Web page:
Located in Washington, D.C., the Smithsonian National Museum of Natural History is an expansive museum that has a variety of exhibits and activities dedicated to preserving and promoting geology, biology, and natural history. More Things to Do in Washington, DC


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On March 17, 1910, the National Museum of Natural History opened as the National Museum. This museum had a variety of themes and displays that covered subjects, such as history, natural history, and art. During World War I, the Museum was used for the Bureau of War Risk Insurance, thus it was closed and unoccupied as a museum.

After World War I, in 1957, officials decided the National Museum would be divided into two categories: the Museum of History and Technology and the Museum of Natural History. Thus, everything that fell into the history and technology portion of the Museum moved to a separate location, which officially opened in the beginning of 1964. Then, art and portraits were moved to a location in 1968. In spring of 1969, the Museum was officially named as the National Museum of Natural History.

Today, the National Museum of Natural History also has a Museum Support Center in Suitland, Maryland, where a variety of collections and laboratories are located.

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2.Permanent Attractions

Permanent Attractions
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The National Museum of Natural History has over 125 million items in their permanent collection. While most of them are displayed at the Museum itself, some are located at the Museum Support Center. The permanent attractions at the Museum are divided and organized among sciences including Anthropology, Zoology, Entomology, Paleobiology, Botany and more~

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3.Special Attractions

Special Attractions
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In addition to the Museum’s extensive permanent collection, the National Museum of Natural History regularly hosts and displays a variety of special attractions throughout the year. Since the Museum’s special attractions are continuously changing, check the Museum’s official website or contact them to find an updated list of special attractions.

Primordial Landscapes: Iceland Revealed is an exhibit that displays the work of Feodor Pitcairn, a photographer, and Ari Trausti Guomunddson, who is a poet. Together, the pair displays and captures what life in the remote location of Iceland is like. This exhibit will be on display until April 2017.

100 Years of America’s National Park Service: Preserve, Enjoy, Inspire is a special exhibit dedicated to the National Park Service’s history and service. A combination of over 50 photographs and documents are displayed to showcase the National Park Service’s rich and impactful history. This exhibit will be featured until August 2017.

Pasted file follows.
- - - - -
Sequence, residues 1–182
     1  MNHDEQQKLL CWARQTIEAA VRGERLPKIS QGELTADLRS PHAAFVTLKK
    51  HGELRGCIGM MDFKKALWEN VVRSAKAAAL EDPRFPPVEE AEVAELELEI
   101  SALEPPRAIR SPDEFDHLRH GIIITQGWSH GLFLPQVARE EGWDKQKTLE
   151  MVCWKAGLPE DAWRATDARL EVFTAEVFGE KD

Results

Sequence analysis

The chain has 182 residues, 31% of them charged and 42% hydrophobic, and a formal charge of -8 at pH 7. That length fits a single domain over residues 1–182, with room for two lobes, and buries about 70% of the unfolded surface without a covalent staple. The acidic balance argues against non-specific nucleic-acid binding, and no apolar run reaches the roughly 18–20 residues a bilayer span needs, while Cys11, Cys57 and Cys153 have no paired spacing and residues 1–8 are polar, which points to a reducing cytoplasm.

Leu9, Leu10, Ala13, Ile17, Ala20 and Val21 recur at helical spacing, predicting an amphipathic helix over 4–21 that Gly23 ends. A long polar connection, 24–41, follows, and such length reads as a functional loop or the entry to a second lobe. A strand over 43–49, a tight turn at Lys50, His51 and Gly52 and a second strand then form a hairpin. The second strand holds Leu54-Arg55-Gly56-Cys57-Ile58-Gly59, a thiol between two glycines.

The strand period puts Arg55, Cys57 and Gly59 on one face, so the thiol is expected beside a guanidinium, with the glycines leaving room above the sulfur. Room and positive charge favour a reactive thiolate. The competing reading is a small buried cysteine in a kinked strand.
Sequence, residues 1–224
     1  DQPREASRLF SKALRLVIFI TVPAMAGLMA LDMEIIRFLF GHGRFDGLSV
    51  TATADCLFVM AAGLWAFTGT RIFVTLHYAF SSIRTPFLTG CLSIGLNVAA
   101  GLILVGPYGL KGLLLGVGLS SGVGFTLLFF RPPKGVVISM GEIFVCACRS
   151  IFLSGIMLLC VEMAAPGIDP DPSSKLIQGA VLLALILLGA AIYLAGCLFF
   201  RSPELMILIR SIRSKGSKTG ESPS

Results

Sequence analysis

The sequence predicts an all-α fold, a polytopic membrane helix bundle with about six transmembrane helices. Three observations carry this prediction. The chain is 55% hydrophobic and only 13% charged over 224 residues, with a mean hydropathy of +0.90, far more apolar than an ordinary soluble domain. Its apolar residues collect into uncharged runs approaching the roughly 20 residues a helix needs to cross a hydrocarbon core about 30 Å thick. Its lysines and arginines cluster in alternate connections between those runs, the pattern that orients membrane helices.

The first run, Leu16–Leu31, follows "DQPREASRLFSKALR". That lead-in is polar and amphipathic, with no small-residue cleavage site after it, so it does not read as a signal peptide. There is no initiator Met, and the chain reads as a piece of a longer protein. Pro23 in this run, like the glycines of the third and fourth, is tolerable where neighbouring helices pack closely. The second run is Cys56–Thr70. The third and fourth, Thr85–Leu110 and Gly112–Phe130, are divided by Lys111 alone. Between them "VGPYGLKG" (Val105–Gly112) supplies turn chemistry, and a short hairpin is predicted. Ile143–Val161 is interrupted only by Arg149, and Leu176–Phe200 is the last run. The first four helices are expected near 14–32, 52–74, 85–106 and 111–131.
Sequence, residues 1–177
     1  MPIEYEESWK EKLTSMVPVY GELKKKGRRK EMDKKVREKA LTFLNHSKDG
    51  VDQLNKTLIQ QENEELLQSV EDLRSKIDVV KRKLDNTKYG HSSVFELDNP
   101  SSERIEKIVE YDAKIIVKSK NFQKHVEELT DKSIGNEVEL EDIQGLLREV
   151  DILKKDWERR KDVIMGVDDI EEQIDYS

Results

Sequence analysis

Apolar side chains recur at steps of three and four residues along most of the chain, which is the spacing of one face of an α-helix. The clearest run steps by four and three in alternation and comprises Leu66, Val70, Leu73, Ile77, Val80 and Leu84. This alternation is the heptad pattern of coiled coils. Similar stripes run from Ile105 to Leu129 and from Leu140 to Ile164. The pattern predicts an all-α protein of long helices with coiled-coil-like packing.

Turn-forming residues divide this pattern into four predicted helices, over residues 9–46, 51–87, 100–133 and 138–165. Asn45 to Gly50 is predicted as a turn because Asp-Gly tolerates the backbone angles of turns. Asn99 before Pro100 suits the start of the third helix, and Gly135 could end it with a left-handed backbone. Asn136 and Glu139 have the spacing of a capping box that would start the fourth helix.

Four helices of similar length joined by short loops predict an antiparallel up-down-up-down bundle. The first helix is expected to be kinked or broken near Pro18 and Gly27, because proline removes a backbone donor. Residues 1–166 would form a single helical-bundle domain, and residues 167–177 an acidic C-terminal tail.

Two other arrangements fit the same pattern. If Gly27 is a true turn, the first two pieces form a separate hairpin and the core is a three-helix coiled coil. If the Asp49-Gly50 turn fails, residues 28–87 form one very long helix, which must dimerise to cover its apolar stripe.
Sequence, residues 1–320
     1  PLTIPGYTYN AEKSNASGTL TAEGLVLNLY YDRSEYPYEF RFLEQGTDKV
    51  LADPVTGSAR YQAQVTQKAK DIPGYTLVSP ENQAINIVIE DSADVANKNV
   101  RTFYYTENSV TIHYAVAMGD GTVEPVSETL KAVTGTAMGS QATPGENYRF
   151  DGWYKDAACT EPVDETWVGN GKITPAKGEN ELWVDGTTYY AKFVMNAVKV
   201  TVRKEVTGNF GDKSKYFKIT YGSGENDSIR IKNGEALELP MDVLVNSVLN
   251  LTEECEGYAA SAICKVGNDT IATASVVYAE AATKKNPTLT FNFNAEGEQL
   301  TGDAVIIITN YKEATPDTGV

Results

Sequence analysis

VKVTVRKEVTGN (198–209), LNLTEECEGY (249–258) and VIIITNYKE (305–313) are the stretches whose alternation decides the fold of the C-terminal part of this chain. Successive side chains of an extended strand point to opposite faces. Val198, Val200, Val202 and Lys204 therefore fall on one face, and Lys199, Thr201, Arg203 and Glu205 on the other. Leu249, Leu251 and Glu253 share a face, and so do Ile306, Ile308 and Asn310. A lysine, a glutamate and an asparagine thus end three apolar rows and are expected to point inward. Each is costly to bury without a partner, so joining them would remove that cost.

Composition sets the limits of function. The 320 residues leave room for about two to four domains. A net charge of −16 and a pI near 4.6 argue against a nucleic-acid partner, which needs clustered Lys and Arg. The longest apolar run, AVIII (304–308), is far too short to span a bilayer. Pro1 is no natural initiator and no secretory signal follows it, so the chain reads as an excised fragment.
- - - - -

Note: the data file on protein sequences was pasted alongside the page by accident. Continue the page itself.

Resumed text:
The 21st Annual Nature’s Best Photography Windland Smith Rice International Awards Exhibition showcases 83 photographs taken by photographers who traveled the world and braved risky and dangerous weather and conditions. This exhibit is in conjunction with the Windland Smith Rice competition for best nature photographs. Visitors can explore this exhibit until September 2017.

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4.Educational Opportunities

Educational Opportunities
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The National Museum of Natural History has a variety of educational opportunities that are available to people of all ages. In fact, the Museum’s wide variety of educational programs has led them to be known as “one of the largest science learning venues in the world”.

The educational opportunities at the Museum are divided in the following categories; Kids 10 and Under and Families, Teens 11 and Up, and Educators. Younger children and families can participate in a number of activities, such as Q?rius jr.?, which will encourage participants to explore the world around them.

Teenagers are able to participate in a variety of educational activities that are similar to those that young children can participate in. But, the programs available to teens are more thought-provoking and intensive. One of the most popular educational opportunities for teenagers is the YES! Internship. The YES! Internship is available for teenagers 13 to 19 years old, enrolled in high school, and are interested in pursuing a career related to science. During the internship program, participants will have access to facilities and information that general Museum guests don’t have, as well as the opportunity to participate in workshops, activities that will prepare them for college, and stimulate a TED talk.

As for educators, they are able to sign their class up for a field trip or utilize the Museum’s online resources for class activities and presentations. The Museum of Natural History has two different programs: one for grades K to 5, and the other for grades 6 to 12. Each field trip program gives students a different and unique chance to explore the Museum and learn about natural science.

For more information about any of the educational opportunities at the Museum of Natural History, head over to the Museum’s official website, or visit or contact them during their standard hours of operation.

10th St. & Constitution Ave. NW, in Washington, D.C. 20560 , Phone: 202-633-1000

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Places to Visit in Washington DC: Smithsonian National Museum of Natural History